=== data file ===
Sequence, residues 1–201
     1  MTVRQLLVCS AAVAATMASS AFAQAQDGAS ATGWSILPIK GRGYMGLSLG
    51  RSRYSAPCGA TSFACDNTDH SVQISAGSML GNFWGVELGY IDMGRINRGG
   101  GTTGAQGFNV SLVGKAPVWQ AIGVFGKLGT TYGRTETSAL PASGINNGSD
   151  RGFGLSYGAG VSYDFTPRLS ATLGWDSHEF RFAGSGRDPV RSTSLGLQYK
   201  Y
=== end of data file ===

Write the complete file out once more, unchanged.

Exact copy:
Sequence, residues 1–201
     1  MTVRQLLVCS AAVAATMASS AFAQAQDGAS ATGWSILPIK GRGYMGLSLG
    51  RSRYSAPCGA TSFACDNTDH SVQISAGSML GNFWGVELGY IDMGRINRGG
   101  GTTGAQGFNV SLVGKAPVWQ AIGVFGKLGT TYGRTETSAL PASGINNGSD
   151  RGFGLSYGAG VSYDFTPRLS ATLGWDSHEF RFAGSGRDPV RSTSLGLQYK
   201  Y